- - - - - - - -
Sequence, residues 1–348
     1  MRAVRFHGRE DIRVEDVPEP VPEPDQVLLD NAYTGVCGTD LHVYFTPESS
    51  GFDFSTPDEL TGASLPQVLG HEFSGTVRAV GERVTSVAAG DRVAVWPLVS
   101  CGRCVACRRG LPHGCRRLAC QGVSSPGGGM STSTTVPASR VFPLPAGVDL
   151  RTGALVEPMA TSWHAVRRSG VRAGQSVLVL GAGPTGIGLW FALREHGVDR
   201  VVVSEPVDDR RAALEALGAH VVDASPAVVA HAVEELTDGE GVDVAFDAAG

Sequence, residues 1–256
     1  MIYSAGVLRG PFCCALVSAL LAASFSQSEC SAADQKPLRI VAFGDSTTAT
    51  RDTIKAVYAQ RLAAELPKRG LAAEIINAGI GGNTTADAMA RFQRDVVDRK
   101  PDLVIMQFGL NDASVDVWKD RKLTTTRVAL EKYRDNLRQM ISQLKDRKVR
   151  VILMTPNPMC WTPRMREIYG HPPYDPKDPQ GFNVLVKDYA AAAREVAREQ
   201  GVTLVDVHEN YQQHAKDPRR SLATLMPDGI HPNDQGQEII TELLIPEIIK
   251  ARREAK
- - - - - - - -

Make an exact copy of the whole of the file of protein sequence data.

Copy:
Sequence, residues 1–348
     1  MRAVRFHGRE DIRVEDVPEP VPEPDQVLLD NAYTGVCGTD LHVYFTPESS
    51  GFDFSTPDEL TGASLPQVLG HEFSGTVRAV GERVTSVAAG DRVAVWPLVS
   101  CGRCVACRRG LPHGCRRLAC QGVSSPGGGM STSTTVPASR VFPLPAGVDL
   151  RTGALVEPMA TSWHAVRRSG VRAGQSVLVL GAGPTGIGLW FALREHGVDR
   201  VVVSEPVDDR RAALEALGAH VVDASPAVVA HAVEELTDGE GVDVAFDAAG

Sequence, residues 1–256
     1  MIYSAGVLRG PFCCALVSAL LAASFSQSEC SAADQKPLRI VAFGDSTTAT
    51  RDTIKAVYAQ RLAAELPKRG LAAEIINAGI GGNTTADAMA RFQRDVVDRK
   101  PDLVIMQFGL NDASVDVWKD RKLTTTRVAL EKYRDNLRQM ISQLKDRKVR
   151  VILMTPNPMC WTPRMREIYG HPPYDPKDPQ GFNVLVKDYA AAAREVAREQ
   201  GVTLVDVHEN YQQHAKDPRR SLATLMPDGI HPNDQGQEII TELLIPEIIK
   251  ARREAK